Monday, July 21, 2008

Riding the grass

I just realize that it has been a good few weeks since I last posted something. That makes me feel guilty as so many people have told me that they are reading the blog. I hope that you all haven't given up waiting.

The truth is I've been riding my bike. I went down to the Finger Lakes in New York with a group of friends. There were 24 of us in total and I was just about the least fit of the lot. I had only myself to blame as I hadn't really ridden since the end of last season. Normally I run in the winter but this year the weather was awful and although that usually doesn't stop me running this year I couldn't summon up any enthusiasm for running on ice covered paths.

On returning from New York I decided to get back into my grass training routine. As those of you who know me know I am not much into all the modern training technology of power meters, heart rate monitors, gym sessions, massage and all the rest. I just ride the bike when I can and normally run when I can't. However it is difficullt to get a good training ride in when one lives in the centre of the city. So I ride the grass. I live close to the park and I have set up a route within the park which is almost all on grass. The only parts on pavement are up and down short steep (15%) hills. I ride my old Alan cyclo-cross bike which still hasn't yet come unglued after thirty years of use. The route takes me about an hour, a bit longer when the grass is wet and a bit less the fitter I get. It is a really good work out and it is fun. I have to ignore the stares of those who I am sure wonder why that silly old fool rides on the grass when there are perfectly good paved paths to ride on.

An hour on the grass is worth about three hours on the road. I liken it to riding a mountain pass. There is very little let up. There are some areas that are down hill and quite fast but you get stretches like that when climbing most mountains. There are other uphill sections that are a real struggle in my bottom gear of 42 x 28.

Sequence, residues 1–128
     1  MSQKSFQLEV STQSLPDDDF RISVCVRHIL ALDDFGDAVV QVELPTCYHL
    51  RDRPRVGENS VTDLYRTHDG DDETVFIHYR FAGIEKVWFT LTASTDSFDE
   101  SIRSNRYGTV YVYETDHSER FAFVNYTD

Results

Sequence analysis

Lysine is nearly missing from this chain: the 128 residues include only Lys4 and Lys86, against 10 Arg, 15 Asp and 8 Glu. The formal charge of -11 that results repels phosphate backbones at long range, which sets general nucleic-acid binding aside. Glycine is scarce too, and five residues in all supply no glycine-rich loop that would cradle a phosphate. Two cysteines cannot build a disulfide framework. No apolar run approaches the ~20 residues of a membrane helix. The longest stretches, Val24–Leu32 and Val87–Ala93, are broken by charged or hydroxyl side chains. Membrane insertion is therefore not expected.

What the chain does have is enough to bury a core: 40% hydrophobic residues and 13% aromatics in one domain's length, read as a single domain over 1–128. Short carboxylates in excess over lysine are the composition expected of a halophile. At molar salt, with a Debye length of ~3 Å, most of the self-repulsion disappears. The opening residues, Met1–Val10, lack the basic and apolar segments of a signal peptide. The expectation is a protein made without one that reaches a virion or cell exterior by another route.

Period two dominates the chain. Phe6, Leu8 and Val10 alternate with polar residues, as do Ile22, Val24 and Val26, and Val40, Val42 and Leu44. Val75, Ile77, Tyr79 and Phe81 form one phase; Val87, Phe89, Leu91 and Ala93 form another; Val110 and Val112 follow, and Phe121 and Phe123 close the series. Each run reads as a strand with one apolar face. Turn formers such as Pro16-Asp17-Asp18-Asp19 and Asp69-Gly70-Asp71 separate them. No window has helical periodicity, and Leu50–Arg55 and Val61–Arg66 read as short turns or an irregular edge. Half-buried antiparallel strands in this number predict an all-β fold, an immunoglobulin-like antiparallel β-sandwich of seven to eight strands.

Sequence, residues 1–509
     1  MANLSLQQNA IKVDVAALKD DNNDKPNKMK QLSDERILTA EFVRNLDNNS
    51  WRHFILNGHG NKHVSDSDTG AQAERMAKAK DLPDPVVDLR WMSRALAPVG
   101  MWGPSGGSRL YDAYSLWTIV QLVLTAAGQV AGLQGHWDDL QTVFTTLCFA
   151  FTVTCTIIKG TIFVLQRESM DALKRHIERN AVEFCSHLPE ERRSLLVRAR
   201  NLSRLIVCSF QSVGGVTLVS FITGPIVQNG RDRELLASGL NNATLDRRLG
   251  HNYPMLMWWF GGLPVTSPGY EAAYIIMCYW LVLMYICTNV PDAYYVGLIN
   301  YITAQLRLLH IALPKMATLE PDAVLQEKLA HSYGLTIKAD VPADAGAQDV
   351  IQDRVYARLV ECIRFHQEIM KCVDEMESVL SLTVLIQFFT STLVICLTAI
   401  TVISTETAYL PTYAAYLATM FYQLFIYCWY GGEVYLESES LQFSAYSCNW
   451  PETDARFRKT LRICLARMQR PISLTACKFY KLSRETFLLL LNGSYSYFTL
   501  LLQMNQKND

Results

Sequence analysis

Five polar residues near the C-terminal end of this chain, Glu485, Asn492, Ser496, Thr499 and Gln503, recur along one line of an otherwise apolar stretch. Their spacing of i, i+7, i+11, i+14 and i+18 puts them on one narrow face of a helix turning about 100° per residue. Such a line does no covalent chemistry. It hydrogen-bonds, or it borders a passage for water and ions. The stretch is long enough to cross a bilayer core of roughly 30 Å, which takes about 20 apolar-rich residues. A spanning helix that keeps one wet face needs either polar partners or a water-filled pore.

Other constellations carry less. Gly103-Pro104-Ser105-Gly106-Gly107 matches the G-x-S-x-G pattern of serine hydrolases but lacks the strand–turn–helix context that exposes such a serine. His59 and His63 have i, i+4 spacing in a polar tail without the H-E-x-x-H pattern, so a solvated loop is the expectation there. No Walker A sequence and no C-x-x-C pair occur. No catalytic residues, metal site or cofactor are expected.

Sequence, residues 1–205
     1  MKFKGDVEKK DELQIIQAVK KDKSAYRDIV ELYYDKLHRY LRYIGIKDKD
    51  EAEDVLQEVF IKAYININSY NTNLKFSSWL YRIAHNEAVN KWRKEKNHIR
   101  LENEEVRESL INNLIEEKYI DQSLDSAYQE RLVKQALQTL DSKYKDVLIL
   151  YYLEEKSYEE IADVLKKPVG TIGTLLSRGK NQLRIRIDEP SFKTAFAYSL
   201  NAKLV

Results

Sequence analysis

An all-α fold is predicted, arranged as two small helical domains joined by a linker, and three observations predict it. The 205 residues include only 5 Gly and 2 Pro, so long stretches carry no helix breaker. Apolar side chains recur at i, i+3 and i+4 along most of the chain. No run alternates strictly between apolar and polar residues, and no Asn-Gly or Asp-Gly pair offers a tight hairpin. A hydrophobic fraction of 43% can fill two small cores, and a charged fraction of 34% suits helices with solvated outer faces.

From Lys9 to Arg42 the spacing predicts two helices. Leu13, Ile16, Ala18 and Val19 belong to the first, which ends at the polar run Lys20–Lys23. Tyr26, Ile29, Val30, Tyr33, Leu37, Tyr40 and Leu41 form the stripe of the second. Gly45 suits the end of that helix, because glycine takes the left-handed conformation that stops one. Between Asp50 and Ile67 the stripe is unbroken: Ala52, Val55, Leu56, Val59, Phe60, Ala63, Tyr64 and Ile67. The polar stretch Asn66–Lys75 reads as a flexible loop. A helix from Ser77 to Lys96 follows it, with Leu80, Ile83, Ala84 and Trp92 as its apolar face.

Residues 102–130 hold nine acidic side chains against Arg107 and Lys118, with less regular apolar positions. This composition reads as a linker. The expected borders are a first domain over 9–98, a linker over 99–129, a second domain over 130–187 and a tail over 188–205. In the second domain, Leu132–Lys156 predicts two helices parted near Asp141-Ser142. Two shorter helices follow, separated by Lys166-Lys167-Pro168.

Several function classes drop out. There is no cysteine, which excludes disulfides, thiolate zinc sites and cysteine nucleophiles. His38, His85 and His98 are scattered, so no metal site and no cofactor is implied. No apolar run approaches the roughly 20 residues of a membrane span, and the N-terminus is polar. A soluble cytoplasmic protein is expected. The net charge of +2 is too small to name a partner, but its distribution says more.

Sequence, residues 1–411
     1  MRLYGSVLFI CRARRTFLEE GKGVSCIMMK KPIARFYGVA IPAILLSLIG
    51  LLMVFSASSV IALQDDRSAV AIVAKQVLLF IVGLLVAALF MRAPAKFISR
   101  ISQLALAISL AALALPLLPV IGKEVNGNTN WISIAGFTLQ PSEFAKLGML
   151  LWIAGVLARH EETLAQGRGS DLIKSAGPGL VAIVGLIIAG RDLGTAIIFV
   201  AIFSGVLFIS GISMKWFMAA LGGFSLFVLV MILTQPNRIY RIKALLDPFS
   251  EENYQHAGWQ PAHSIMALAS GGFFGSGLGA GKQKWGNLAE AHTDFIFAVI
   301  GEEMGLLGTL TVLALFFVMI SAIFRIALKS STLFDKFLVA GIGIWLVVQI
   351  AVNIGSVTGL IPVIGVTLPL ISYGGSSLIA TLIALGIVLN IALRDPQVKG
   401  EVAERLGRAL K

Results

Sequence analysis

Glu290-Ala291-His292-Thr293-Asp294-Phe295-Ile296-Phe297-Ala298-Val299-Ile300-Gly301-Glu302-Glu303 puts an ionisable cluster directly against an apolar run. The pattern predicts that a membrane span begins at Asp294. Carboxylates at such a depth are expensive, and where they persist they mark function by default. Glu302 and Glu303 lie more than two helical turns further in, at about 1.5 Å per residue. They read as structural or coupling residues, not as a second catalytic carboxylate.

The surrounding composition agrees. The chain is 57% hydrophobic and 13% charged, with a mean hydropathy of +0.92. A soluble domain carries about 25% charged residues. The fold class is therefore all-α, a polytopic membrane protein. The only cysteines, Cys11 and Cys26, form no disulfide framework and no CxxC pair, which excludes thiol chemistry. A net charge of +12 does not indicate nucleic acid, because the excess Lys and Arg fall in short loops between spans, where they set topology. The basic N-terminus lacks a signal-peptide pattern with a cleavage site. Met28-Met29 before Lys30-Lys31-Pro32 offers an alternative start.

Since I got back from New York I have been riding the grass two or three times a week and what a difference it has made to my fitness. Riders that were dropping me on every hill in NY I can now stay with. A few more sessions and maybe I shall be able to drop some of them.

How much better one feels when fit. Not just on the bike but in every aspect of life. The vast majority of the population don't know what it is like to be even close to being fit. What a lot they are missing. Over the years I have had so many people come to the shop concerned about the weight saving of one component over another when they are carrying about twenty pounds under their belt. Some where their priorities are all wrong. As a good friend recently said "there is just one way to get fitter-ride more, eat less" To that I'd add "ride the grass".


dutch me gently, please said...

hi mike, glad to see you back behind the keyboard. i understand your situation as i've also had to get myself back into shape this summer, and i also did the "ride more, eat less" routine...

but no hill training for me, since most of the country is below sea-level, and the opportunities for grass training are limited by the cows and sheep... what we *do* have here in the netherlands is a ubiquitous head-wind that blows from all directions. simultaneously. 90 minutes of riding through the fields is as much about resistance training as it is about aerobic exercise.